FAIRHOPE — The intersection at County Road 32 and County Road 13 has been closed to motorists since February. The closure is expected to last until Oct. 31, when a new roundabout being constructed at the intersection should be complete.
The last two months have been long for those who live or work near the construction zone. Homeowners who live along County Road 32 have experienced vehicles making U-turns via their driveways, and sometimes, their lawns. Business owners have witnessed backed up traffic blocking the entries and exits into their establishments, especially during the morning and afternoon hours when students report arrive and leave J. Larry Newton Elementary School, situated along 32.
"When you've got one way to get in some place, it makes a mess, and that's what's happening at the school right now," said Lt. Shane Nolte with the Fairhope Police Department. "Truly this affects the school more than everybody, I think, because of people getting in and out of there with only one way."
Since the construction project began in February, Nolte said the city of Fairhope, Baldwin County and ALDOT have worked together to try and alleviate some of the stress motorists, businesses and homeowners began experiencing as a result of the road closures. During this process, staff of J. Larry Newton was also involved.
"ALDOT installed a new turn signal arrow (at AL-181 and County Road 32) and has twice adjusted the timing on the light, per my request," said Principal Patrice Wolfe. "I had the county road engineer come stand with me at the corner of 181 and 32 as we radioed back and forth with my carline folks so the engineer could see it firsthand and make changes."
Wolfe said after the turn signal was installed and adjusted, the school staff saw fewer delays and issues during carline. A traffic director/crossing guard is also stationed at the entrance of the carline each morning and afternoon to assist with directing traffic and getting vehicles in and out faster.
Within the school, Wolfe said she and her team revamped carline to unload more students at one time, had more staff on duty during carline, and created a parent "carline" advisory committee.
Since the adjustments, Wolfe said things are running as scheduled at the school.
"Students were not counted tardy when the road closure began and impacted our morning start time," said Wolfe. "As a result of the improvements and adjustments, we are no longer delayed in regard to start time. Tardies prior to this time were not counted and breakfast was delayed until all children were fed. Students who arrive at school by bus are never counted as an arrival tardy."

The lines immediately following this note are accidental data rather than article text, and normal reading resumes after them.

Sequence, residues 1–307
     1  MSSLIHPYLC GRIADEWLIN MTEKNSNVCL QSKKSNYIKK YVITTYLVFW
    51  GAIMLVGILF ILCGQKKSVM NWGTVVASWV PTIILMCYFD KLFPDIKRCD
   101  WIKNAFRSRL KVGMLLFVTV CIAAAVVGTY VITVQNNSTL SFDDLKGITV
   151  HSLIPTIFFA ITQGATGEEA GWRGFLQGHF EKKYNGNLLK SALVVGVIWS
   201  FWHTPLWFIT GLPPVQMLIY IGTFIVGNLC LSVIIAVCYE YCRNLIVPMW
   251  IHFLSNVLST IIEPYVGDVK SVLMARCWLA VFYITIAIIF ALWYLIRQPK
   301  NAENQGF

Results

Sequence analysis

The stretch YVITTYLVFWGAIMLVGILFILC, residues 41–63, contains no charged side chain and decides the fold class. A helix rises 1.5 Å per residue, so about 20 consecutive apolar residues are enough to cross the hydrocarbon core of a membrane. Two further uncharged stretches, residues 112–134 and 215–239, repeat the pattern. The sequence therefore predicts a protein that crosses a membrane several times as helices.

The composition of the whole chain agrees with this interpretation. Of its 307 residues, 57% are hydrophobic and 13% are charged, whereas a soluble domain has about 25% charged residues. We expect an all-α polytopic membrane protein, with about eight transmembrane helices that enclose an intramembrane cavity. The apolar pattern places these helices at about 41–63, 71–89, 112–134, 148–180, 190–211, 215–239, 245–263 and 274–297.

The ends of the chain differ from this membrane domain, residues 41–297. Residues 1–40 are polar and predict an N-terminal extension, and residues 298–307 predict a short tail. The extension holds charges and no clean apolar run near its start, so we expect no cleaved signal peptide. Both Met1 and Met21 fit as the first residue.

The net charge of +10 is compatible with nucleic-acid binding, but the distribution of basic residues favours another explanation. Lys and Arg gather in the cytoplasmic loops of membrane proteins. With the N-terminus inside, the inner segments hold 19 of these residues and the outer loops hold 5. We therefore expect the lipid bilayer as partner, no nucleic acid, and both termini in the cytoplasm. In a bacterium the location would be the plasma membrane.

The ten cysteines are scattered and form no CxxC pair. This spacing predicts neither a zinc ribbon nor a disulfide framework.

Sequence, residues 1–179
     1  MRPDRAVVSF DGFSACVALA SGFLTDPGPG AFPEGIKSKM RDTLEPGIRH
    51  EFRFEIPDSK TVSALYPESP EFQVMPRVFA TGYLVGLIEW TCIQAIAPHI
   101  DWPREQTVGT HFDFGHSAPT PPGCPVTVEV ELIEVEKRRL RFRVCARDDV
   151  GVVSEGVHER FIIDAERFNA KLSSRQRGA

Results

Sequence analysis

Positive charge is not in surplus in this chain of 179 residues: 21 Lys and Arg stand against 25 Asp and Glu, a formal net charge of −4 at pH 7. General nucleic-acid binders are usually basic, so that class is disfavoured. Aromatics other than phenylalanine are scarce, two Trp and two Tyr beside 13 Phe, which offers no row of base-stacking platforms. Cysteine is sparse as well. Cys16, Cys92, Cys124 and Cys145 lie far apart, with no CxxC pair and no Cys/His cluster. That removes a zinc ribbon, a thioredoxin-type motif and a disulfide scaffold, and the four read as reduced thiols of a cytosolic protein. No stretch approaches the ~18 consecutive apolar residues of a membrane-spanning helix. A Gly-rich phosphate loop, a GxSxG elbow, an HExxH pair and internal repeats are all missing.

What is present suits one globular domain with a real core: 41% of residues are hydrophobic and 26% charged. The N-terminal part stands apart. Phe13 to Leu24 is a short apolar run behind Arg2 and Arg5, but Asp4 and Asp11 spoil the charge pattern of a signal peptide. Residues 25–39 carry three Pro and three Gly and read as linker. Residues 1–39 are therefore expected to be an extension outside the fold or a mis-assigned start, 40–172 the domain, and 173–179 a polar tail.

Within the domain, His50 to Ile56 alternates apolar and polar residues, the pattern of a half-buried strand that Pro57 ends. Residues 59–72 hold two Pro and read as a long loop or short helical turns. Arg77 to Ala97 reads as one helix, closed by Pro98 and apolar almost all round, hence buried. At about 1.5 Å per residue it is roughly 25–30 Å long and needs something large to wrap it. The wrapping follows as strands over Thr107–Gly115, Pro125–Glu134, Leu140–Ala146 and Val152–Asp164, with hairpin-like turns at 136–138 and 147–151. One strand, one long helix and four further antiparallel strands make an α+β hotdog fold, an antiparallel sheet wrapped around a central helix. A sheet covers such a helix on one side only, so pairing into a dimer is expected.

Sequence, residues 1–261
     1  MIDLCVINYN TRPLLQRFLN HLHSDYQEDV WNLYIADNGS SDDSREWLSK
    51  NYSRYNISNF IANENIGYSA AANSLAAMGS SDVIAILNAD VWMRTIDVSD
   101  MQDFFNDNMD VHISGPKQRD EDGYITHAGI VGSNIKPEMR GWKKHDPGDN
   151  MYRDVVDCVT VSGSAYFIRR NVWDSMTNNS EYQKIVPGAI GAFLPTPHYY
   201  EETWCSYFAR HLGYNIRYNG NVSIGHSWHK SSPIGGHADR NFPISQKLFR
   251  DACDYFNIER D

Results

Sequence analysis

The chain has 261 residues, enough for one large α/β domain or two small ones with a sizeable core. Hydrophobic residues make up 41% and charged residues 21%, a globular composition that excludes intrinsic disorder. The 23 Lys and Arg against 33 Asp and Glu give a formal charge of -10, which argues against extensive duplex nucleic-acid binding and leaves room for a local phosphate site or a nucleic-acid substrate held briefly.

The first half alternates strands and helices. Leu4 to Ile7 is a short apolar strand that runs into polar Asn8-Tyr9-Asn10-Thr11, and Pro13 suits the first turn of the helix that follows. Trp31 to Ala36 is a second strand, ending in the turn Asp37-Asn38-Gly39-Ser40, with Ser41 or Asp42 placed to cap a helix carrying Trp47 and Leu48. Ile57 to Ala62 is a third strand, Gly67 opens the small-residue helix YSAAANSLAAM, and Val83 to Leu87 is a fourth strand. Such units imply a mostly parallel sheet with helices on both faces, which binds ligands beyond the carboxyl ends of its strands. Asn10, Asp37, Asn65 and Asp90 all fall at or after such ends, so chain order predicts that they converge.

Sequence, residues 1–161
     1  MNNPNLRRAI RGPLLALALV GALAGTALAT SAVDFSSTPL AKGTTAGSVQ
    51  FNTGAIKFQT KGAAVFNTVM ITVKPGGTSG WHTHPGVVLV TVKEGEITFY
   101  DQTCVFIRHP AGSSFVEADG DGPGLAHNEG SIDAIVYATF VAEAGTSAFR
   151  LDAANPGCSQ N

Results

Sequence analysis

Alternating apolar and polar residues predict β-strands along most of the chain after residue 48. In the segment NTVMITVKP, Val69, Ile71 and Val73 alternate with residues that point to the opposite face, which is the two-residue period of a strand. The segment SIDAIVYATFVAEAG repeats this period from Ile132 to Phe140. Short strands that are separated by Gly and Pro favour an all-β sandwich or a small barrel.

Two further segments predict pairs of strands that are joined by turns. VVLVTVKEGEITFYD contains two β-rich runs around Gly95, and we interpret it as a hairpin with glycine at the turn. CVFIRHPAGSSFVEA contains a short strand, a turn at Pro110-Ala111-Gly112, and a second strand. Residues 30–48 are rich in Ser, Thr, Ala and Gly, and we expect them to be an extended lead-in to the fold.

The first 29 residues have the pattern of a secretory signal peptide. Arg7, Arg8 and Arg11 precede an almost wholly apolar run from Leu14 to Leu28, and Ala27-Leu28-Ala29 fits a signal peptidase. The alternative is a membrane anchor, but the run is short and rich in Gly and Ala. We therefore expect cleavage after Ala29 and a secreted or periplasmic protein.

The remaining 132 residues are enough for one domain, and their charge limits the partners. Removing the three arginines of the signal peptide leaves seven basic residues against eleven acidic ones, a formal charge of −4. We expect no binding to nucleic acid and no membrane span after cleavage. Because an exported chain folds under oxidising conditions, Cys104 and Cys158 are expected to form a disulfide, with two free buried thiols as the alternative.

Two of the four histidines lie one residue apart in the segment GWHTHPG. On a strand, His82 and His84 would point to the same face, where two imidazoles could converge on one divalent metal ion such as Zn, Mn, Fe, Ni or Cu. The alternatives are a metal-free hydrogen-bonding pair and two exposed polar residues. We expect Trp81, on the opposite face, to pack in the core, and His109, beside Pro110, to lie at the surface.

To help ease the stress of longer carline times, Wolfe said the carline staff at J. Larry Newton often dresses up in costumes or crazy attire for special days, or just to brighten the days of students and parents. These types of welcomes were very regular during the start of construction, she said.
"Parents and students have stated that arriving is like a parade at Disneyworld," she said.
Parents and students have also talked about things they've done in the car while waiting in line. "They've mentioned participating in multiplication games/drills, morning prayer for their families and school, talking through social stories and how to respond to conflict or how to be a friend, or playing games like 'I spy,'" Wolfe added.
While the adjustments have made things smoother, wait times in carline can still become longer than is typical, and traffic can back up during the busiest times of the day. Nolte said if you don't have to be in the area during the times when school gets in and is let out, it would be better to avoid it.
"One of the biggest things that would help is if people who don't need to be in that area, if they'd take another way," he said. "If you don't have to be there and would use Highway 98, if we could just get more people to go that way it would free up some of the traffic at the closure."
Nolte said detour signs were moved more than once during the construction's start as crews quickly learned what worked and what didn't.
"Unfortunately, that happens in these situations. You don't realize that something will cause a problem until you see it in action," he said. "But then we just learn from that, and if something doesn't work then try again. We're still working on options with the state and county too, and hopefully it will get better."